Luckily, there is a professional conference I attend yearly where I can see most of them (though, unfortunately without spouses and children) so I guess I should cherish that instead of wishing for things that existed in the past. I have to consciously try not to live in the near past as much but it is easy to reminisce about good times with old friends when your current life feels full of frustrations.

Time to plan for the weekend...

Thursday, February 16, 2006

When shall I arise?

I have been assigned months of misery,
and troubled nights have been told off of me.
If in bed, I say, "When shall I arise?" then the night drags on;
I am filled with restlessness until the dawn
(Job 7:3-4)

This is plaint of those of us who suffer from insomnia. I was first hit with insomnia about 13 years ago. I would spontaneously wake around 4 am every morning and was unable to get back to sleep. So, I just adjusted my schedule, going to bed between 9 and 10 pm and getting up early.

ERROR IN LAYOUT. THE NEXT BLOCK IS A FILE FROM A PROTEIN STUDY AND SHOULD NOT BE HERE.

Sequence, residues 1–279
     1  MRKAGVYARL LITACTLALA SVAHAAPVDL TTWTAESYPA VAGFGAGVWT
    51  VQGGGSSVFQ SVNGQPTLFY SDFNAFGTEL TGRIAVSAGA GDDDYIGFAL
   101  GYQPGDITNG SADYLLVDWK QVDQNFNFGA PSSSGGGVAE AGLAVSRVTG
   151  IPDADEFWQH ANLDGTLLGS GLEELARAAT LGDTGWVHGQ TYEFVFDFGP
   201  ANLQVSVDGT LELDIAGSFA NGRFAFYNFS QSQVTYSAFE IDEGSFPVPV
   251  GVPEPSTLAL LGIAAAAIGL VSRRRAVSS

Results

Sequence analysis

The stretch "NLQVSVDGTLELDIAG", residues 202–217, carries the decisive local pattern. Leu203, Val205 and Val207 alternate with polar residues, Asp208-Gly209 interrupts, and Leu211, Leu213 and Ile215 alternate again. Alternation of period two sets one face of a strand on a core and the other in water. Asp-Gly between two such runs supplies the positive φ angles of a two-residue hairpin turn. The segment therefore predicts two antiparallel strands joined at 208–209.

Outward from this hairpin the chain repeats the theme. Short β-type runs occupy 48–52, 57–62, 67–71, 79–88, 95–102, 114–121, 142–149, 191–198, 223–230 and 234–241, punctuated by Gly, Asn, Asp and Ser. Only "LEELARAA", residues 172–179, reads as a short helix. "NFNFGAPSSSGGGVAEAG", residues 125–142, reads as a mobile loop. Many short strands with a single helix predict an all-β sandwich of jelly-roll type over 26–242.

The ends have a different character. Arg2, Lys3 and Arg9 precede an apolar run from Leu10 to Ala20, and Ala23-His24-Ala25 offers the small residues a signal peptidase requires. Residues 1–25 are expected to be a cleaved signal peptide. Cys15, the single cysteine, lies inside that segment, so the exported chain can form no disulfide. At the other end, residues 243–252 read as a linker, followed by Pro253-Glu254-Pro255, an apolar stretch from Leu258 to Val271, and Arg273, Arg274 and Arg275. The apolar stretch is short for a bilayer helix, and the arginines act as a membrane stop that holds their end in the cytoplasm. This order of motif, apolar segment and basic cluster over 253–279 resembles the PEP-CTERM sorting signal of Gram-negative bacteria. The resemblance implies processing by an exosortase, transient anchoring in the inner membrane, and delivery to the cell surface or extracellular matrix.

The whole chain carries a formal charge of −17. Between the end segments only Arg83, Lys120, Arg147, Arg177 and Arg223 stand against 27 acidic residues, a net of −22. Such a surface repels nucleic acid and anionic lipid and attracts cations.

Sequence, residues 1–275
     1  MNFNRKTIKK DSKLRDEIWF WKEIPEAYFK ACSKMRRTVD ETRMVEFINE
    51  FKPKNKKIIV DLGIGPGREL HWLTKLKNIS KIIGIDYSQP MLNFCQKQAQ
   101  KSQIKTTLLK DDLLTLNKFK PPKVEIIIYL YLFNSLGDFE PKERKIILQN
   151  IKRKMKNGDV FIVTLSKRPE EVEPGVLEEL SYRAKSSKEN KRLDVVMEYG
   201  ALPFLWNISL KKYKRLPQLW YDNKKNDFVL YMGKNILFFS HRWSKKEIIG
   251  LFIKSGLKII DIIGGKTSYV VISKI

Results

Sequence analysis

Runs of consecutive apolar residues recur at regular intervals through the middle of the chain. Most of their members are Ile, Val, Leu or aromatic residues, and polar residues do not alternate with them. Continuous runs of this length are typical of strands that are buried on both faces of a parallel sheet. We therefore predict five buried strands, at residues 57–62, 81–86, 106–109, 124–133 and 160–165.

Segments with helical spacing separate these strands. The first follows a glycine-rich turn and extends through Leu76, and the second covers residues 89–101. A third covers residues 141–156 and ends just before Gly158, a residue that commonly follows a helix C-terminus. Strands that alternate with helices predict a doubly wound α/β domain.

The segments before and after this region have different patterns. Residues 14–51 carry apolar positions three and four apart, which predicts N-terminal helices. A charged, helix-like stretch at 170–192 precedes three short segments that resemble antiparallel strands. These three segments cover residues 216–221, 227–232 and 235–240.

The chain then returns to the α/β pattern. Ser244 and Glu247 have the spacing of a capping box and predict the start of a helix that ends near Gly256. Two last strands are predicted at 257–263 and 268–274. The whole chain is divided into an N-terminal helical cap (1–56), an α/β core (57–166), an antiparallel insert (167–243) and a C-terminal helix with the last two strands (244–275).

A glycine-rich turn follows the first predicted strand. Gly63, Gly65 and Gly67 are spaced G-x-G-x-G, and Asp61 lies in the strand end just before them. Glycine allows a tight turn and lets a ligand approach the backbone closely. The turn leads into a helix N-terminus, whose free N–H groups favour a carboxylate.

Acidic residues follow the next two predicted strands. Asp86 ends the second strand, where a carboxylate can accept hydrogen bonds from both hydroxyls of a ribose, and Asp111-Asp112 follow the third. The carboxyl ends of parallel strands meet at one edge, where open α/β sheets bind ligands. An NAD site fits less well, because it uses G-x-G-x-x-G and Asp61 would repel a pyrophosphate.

It was actually quite an interesting period of my life...I got a lot of work done because the house was quiet and I started going to a nearby cloistered convent for 6:30 am services just because I was up and curious about the group. By 9 am, I had usually gotten a lot of work done.

Then, about six months later, the 4 am risings ended and I started waking up at a more normal time. I almost started missing those early morning hours when it seemed like I had the whole world to myself.

But this current bout of insomnia has been different. It started hitting me around April 2003 and continued in full force until last summer. In this case, I just can not fall asleep at all. It's amazing to think you can lie in bed for 6 or 7 hours and do nothing but toss and turn but it's how I spent many a night and early morning. I was pretty much useless the next day, just sleepwalking through the hours until I could go back to bed and try again to sleep. And, for some reason, no matter how tired I was, I couldn't catch up on my sleep during the day by taking a nap. It was sleep at night or no sleep at all.